Since this appears to be the first time that the E-region E-field has been derived from an ISR without assuming equipotential B lines, the validity of the underlying assumptions and potential error sources need to be carefully examined. The first error source we consider is the measurement error of the ion drift. During the experiment, the Arecibo line-feed was pointed in the vertical direction and the Gregorian feed was pointed 15 degree off of the zenith. The line-of-sight velocity error is largely determined by the spectral width in the altitudes of interest. At 600 m and a few minutes of time resolution, the line-of-sight velocity error is about 2 m/s at 110 km and increases to 7 m/s at 140 km. Since the horizontal drift depends on the amplified velocity of the obliquely pointing Gregorian feed as well as that of the vertically pointing line-feed, its error is about 1.2/sin(Za)∼ 4.7 times larger than that of the vertical velocity. The error in the E-field at the upper altitude range (above ∼120 km) shown in the previous figures is dictated by the error in the horizontal ion velocity. At an altitude of ∼115 km, it depends both on the horizontal and vertical velocity error. At lower altitudes, the E-field error is mostly due to vertical velocity error as it is amplified by ρ.
 The ion momentum equation (1) neglects gravity and ambipolar diffusion as in previous studies [e.g., Davies et al., 1997; Heinselman and Nicolls, 2008]. A non-negligible error source is the vertical neutral winds associated with gravity waves. Hooke  showed that the perturbed electric field due to gravity waves is negligible in the F-region. Unfortunately, his analysis, requiring ρ to be smaller than ∼0.1, is not applicable in the altitude range discussed here. From equation (1), the error in Ez/B caused by neutral vertical wind is Uzρ, which is expected to be generally larger at lower altitudes because of the exponential variation of ρ as a function of altitude. The fluctuations with a period of ∼1 hr shown Figure 1 (bottom) may not be accurate because of negligence of the neutral wind. Nevertheless, because the gravity wave periods are typically less than 90 minutes at Arecibo [Zhou, 2000; Djuth et al., 2010], its magnitude is relatively small with a moderate average (say, 60 min). The profiles averaged over about 160 min shown in Figure 2b are expected to be largely free from the effect of gravity waves. A further error is caused by the horizontal inhomogeneity induced by gravity waves, which affects the calculation of Ve. This error is, however, not expected to be large because the horizontal wavelength is typically much larger than the dual beam separation distance of 30 km [Djuth et al., 2010].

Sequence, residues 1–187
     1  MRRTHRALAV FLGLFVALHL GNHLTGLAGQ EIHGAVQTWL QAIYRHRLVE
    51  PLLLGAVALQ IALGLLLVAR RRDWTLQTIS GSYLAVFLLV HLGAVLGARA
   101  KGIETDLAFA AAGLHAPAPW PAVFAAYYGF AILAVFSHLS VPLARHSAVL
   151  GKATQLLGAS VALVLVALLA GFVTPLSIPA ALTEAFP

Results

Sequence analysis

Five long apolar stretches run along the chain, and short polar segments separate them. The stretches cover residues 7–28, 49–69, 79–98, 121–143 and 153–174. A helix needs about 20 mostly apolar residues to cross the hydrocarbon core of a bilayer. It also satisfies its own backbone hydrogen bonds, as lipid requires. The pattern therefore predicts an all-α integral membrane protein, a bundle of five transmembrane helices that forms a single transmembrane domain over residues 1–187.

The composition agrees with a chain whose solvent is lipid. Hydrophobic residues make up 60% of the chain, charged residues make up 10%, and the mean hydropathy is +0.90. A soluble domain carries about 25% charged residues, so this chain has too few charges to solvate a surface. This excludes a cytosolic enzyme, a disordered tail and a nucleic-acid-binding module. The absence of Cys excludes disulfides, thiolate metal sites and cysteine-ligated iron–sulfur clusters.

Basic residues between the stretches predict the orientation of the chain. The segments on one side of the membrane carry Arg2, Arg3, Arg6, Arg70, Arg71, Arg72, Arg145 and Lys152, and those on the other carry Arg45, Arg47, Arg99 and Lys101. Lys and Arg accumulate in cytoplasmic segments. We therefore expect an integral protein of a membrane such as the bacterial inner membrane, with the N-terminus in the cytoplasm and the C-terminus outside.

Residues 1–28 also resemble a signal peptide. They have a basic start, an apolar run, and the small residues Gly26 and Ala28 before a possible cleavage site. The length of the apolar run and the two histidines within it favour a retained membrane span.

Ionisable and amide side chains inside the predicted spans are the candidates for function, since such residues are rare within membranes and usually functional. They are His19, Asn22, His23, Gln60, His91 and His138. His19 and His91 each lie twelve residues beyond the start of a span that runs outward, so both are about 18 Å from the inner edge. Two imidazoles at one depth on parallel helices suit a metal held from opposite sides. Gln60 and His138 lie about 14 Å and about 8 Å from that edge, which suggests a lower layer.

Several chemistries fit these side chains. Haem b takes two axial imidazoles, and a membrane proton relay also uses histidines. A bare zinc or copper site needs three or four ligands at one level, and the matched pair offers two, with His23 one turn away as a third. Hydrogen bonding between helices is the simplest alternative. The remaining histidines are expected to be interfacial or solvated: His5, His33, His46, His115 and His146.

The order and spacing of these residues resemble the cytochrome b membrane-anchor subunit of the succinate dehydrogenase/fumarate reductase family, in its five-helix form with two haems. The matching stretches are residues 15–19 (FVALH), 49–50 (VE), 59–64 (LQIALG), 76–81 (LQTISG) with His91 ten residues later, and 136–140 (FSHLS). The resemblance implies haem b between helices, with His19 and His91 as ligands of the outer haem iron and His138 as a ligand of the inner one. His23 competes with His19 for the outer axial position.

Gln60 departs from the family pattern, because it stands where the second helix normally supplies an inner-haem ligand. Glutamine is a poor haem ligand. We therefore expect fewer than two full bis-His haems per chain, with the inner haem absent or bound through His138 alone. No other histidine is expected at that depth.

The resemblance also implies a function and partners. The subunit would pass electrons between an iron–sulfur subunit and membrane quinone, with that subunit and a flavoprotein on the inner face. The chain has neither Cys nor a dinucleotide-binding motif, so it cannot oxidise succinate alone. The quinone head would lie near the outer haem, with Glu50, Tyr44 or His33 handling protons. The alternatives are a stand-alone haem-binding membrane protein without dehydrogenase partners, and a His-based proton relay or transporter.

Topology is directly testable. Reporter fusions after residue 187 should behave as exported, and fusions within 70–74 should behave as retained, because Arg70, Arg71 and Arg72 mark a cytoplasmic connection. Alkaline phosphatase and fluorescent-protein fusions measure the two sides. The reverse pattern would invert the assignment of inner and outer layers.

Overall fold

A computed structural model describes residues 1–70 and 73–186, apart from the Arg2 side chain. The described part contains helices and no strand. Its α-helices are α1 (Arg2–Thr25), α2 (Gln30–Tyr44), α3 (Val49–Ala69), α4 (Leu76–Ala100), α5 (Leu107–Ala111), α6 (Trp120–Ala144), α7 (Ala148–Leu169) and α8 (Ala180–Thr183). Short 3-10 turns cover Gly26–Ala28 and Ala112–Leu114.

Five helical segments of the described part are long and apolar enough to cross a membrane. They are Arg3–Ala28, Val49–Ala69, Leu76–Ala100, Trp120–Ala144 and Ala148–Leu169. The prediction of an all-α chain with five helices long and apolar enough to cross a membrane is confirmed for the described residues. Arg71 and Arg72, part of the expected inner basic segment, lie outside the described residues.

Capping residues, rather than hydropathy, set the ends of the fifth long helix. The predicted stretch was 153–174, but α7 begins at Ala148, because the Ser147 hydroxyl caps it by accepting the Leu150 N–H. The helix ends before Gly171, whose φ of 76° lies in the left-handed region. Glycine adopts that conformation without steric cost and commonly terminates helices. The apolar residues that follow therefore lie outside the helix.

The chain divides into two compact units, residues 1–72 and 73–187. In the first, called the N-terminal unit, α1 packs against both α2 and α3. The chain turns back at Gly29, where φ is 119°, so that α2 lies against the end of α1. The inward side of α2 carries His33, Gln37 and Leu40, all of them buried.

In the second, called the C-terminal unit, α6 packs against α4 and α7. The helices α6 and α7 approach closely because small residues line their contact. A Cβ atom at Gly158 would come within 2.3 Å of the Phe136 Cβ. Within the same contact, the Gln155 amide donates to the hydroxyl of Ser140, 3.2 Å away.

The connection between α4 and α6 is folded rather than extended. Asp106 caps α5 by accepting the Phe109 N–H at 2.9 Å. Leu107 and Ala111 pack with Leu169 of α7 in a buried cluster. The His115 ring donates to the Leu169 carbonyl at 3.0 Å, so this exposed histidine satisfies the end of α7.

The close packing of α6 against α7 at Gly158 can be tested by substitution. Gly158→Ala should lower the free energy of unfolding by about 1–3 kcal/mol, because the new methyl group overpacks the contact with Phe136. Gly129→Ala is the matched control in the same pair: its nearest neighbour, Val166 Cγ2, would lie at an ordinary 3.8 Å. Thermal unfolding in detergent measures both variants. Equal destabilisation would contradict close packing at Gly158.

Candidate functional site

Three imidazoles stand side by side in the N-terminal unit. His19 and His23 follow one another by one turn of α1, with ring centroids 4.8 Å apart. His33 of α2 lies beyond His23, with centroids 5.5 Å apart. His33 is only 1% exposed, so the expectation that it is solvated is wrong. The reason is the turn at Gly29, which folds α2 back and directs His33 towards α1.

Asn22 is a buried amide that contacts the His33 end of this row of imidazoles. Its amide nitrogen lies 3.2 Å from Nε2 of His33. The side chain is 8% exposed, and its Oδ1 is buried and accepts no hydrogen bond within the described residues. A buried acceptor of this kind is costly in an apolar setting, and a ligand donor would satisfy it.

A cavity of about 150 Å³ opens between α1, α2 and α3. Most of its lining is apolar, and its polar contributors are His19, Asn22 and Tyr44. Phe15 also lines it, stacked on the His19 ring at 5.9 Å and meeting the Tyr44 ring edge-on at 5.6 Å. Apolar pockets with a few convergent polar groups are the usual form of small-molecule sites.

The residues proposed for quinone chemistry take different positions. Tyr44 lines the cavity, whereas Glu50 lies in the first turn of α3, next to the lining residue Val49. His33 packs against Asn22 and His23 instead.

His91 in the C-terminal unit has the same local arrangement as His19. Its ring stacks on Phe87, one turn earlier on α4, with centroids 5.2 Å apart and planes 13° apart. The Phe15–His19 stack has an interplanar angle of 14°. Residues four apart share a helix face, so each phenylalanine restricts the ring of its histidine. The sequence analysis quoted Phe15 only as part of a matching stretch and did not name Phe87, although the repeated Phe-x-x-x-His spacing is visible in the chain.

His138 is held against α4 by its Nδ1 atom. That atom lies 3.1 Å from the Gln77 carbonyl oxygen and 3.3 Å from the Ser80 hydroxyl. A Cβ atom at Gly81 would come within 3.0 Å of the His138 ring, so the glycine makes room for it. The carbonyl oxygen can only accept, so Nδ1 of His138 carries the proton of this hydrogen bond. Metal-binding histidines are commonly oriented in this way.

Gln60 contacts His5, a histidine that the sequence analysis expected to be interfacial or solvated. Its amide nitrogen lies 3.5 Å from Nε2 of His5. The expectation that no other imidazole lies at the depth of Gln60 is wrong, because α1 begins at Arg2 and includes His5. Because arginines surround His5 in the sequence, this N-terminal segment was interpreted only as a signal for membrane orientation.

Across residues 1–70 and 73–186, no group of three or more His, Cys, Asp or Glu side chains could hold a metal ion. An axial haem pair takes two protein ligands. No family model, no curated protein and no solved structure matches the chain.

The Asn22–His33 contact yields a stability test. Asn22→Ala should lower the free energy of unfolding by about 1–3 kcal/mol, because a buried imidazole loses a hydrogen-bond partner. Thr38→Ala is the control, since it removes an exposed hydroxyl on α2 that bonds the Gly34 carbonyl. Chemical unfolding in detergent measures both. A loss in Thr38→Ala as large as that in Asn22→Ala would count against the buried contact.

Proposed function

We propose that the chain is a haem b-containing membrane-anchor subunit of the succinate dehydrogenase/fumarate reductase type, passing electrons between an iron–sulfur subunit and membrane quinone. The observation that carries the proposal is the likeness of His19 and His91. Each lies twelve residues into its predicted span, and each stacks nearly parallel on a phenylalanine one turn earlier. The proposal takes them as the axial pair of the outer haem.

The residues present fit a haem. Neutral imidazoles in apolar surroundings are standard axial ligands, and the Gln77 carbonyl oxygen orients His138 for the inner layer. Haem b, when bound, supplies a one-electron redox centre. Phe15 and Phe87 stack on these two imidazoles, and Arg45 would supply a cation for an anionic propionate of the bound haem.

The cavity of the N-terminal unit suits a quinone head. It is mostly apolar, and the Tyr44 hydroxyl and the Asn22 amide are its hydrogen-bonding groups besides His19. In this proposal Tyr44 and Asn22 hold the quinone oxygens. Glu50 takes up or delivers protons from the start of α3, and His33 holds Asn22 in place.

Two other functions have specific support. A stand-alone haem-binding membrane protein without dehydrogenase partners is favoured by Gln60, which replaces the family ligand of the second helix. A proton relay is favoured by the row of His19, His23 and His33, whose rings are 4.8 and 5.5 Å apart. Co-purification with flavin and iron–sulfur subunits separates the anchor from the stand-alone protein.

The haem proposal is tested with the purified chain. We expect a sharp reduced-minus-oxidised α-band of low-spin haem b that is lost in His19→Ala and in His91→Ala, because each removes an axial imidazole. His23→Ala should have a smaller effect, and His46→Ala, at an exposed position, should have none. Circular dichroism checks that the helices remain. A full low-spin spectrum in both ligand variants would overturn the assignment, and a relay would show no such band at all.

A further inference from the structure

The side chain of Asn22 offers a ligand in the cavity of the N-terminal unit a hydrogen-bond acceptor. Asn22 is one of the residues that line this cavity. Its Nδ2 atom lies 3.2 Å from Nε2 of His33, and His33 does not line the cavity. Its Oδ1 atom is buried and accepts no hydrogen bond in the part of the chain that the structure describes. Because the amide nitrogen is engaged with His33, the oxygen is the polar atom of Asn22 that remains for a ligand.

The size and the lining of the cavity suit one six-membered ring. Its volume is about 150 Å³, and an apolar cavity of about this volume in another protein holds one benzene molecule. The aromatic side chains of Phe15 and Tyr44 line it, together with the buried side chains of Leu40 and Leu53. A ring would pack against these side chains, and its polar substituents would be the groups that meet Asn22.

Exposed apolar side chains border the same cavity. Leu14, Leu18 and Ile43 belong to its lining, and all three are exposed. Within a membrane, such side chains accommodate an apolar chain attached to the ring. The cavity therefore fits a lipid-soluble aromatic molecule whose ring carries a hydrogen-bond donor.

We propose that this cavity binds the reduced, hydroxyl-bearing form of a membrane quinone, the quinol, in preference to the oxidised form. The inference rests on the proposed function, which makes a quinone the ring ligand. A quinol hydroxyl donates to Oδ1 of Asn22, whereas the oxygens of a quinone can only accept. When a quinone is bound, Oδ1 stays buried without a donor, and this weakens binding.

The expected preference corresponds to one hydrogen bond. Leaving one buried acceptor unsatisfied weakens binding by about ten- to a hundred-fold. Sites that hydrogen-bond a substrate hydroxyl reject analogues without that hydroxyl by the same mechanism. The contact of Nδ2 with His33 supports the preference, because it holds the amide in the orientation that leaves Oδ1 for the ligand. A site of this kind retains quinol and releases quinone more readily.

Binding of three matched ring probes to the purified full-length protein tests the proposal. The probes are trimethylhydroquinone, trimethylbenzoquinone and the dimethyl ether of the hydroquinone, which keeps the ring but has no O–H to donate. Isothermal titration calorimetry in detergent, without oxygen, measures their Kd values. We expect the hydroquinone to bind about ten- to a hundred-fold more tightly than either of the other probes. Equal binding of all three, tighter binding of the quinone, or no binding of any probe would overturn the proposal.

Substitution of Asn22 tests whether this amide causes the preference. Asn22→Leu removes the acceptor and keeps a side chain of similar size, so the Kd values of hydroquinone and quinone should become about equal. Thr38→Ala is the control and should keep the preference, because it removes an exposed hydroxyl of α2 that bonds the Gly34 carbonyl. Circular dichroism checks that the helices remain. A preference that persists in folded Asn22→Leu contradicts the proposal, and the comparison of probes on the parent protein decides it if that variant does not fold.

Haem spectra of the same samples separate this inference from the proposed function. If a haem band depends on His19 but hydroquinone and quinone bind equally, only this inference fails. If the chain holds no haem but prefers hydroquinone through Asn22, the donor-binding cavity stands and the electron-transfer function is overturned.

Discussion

Ion neutral collision frequency is the most uncertain factor in the inaccuracy of the E-field derived. The variation of the ion-neutral collision frequency is largely dictated by that of the neutral atmosphere and is expected to be smooth. Assuming vin has a relative error of α, then the error in Ez/B, Δ(Ez/B), is α∣Vz∣ρ. At the same altitude, the accuracy of Ez is proportional to the amplitude of Vz. The deduced E-field is independent of the ion-neutral collision frequency in the region where Vz is 0 (or more accurately Vz − Uz = 0). This largely applies to the 8:00-12:00 LT period above 112 km. This characteristic suggests that one can accurately determine the electric field within sporadic E layers, where Vz is expected to be zero. The Ez/B error due to a 50% inaccuracy in νin is shown in Figure 2 as error bars.